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Biochemistry. 1979 Sep 18;18(19):4196-201.

Quantitative assessment of the noncovalent inhibition of sickle hemoglobin gelation by phenyl derivatives and other known agents.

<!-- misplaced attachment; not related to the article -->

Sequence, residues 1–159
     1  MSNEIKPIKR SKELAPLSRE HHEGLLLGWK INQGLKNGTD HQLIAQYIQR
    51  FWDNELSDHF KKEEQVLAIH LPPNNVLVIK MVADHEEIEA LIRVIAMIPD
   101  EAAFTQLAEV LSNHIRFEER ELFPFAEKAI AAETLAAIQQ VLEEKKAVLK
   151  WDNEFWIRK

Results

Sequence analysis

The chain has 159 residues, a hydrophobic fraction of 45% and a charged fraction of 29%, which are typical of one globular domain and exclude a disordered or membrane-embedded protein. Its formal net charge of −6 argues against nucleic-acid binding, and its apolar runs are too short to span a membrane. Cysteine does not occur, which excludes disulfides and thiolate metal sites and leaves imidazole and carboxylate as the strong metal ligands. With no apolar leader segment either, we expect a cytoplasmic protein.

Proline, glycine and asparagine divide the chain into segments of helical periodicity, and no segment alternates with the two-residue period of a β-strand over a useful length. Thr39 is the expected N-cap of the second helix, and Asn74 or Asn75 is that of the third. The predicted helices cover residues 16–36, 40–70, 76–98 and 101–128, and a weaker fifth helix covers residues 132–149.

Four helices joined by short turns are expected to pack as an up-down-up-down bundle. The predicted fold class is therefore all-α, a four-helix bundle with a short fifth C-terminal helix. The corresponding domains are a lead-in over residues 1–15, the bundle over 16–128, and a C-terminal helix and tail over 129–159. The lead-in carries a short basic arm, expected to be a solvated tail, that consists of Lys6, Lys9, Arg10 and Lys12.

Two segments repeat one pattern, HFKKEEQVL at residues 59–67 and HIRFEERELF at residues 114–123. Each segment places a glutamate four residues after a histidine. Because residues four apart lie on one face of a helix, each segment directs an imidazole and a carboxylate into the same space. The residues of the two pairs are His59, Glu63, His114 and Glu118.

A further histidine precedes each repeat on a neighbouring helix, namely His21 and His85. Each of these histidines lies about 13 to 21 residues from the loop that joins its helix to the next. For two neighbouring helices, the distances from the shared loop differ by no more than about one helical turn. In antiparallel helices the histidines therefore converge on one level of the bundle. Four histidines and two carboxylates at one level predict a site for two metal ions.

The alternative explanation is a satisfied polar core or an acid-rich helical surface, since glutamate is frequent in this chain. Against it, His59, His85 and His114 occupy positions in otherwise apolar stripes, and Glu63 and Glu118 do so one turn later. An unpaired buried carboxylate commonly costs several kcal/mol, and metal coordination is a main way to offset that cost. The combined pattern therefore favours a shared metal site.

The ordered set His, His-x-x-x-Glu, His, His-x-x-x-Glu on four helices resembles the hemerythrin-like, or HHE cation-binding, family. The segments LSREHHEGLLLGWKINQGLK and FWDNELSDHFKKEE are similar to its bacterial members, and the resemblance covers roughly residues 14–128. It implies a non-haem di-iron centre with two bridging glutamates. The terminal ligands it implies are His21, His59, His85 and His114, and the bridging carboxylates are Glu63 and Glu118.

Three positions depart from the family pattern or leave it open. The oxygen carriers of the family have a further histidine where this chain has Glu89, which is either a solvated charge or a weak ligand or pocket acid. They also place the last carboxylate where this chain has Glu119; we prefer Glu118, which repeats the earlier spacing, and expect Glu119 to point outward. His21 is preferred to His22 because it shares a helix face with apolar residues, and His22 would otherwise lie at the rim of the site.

The ability of a variety of phenyl derivatives to inhibit sickle cell hemoglobin gelation was placed on a quantitative scale by parallel equilibrium and kinetic assays. Modifications of the phenyl ring studied include polar, nonpolar, and charged substituents, added aromatic rings, and loss of aromaticity. Other noncovalent inhibitors previously reported to have high potency were measured and placed on the same quantitative scale. Some phenyl derivatives were found to be as effective an any other known noncovalent antigelling agent. The phenyl compounds penetrate easily into red cells, and their potency is tolerant to chemical modification, which holds out the possibility of designing low-toxicity derivatives. On the negative side, the level of potency obtainable appears to be inadequate for clinical use. The best phenyl inhibitors display a functionally defined inhibitory constant (K1) of 75 mM, and it can be estimated that inhibitor concentrations over 20 mM would be necessary to obtain minimal clinically significant benefit. Furthermore, with the variety of modifications tested here, no impressive increase in activity could be achieved over that found in the simplest phenyl compounds.

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